After Facebook’s data scandal, where approximately 50 million profiles were harvested for Cambridge Analytica, users vowed to leave the platform for good. Fast forward a year, and stats prove that people did actually flock from the social network — by the millions even.
But leaving Facebook isn’t just good for your privacy, you’ll probably feel better for it too. A study published this week in the journal “Experimental Economics,” found that people who spent a week away from Facebook consumed less news, and ultimately experienced greater well-being.
The study titled “The Economic Effects of Facebook,” studied 1,769 US undergraduates in 2017, who usually spent a total of 1.9 hours on the platform per day, of which they spent around 15 to 30 minutes consuming news.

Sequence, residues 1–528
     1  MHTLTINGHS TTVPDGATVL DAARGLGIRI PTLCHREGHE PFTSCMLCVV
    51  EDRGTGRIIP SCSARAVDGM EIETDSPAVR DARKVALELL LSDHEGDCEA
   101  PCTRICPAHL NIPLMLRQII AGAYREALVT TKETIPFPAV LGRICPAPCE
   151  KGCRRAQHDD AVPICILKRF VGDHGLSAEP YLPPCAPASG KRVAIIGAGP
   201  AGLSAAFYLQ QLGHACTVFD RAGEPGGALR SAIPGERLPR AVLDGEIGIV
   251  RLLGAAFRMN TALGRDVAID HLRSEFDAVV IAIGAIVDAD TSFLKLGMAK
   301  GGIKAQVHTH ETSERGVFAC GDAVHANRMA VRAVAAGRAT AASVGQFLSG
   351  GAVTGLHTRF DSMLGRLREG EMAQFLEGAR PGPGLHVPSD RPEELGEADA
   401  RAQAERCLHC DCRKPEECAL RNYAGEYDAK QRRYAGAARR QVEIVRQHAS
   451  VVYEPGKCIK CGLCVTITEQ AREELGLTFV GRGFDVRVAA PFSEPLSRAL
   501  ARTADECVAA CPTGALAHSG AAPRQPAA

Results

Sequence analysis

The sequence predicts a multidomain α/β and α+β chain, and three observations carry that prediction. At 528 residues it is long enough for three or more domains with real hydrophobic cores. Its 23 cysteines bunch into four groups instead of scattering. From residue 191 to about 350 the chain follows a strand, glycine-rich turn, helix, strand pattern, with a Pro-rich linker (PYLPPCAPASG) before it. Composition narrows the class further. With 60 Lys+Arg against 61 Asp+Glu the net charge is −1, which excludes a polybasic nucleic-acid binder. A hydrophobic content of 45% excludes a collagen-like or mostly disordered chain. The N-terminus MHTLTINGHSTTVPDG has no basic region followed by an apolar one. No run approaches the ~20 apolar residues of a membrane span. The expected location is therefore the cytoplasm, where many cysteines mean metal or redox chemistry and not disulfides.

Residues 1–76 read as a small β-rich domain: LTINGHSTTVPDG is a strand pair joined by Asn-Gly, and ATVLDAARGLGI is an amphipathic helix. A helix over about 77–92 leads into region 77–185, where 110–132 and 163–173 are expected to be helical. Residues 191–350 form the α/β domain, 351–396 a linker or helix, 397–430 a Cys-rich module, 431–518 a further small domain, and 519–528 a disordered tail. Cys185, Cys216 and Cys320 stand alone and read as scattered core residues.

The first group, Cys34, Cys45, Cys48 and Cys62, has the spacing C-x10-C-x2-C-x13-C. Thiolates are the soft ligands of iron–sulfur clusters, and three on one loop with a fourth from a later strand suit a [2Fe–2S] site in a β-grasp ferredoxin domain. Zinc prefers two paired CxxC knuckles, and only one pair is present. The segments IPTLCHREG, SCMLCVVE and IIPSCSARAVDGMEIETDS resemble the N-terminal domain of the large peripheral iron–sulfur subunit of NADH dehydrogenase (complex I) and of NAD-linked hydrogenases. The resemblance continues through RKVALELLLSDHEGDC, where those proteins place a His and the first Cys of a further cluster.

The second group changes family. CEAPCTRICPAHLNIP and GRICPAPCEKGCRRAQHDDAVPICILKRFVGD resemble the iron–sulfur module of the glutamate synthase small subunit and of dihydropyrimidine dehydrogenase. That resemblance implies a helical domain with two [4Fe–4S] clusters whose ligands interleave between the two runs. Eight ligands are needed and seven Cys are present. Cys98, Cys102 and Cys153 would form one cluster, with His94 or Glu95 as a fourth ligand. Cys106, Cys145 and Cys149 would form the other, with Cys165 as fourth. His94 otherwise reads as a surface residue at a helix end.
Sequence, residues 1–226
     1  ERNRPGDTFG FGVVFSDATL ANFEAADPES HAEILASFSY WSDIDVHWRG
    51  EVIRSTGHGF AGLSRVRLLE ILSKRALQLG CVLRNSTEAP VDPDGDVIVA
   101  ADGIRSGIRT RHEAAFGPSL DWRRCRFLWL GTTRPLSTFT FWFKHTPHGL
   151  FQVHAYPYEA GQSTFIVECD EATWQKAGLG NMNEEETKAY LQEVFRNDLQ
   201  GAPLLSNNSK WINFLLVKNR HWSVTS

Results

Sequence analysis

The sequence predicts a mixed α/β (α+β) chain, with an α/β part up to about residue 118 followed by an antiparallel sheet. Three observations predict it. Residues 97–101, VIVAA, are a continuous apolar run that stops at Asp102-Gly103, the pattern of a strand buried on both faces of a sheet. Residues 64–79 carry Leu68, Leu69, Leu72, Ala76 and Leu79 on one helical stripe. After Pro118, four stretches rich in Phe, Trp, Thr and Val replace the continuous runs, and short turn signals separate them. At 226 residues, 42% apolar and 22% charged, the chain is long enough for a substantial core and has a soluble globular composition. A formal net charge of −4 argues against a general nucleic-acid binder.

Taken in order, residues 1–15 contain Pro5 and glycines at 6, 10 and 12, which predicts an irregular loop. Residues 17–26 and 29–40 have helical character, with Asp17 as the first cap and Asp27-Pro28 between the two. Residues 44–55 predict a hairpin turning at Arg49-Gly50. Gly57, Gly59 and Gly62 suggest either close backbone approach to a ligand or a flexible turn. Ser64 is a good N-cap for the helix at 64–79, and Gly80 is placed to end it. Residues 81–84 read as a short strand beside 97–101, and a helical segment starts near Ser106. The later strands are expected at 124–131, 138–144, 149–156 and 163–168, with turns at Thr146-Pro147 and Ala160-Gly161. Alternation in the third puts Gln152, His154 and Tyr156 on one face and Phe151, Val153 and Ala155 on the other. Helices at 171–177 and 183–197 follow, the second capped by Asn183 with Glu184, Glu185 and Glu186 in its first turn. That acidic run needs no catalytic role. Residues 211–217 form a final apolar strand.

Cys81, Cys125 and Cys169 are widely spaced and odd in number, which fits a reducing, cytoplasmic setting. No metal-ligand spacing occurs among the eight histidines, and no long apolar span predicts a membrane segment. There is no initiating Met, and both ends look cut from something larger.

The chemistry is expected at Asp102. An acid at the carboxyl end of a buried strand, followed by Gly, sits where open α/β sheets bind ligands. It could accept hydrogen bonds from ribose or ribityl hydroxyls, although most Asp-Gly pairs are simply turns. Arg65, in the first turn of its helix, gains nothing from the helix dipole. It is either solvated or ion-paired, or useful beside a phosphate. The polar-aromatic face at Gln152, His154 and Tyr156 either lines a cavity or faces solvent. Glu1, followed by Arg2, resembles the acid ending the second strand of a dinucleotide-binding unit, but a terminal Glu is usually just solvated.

The researchers surveyed each participants on the effects of taking time away from the tech giant, and randomly assigned them into two groups. The first group left the social network completely for a week while the second was not restricted at all.
The results found that the group that spent time away from Facebook consumed less news and were less likely to recognize politically-skewed news stories. They also showed fewer signs of becoming depressed. The researchers also suggest that “Facebook has significant effects on important aspects of life not directly related to building and supporting social networks.”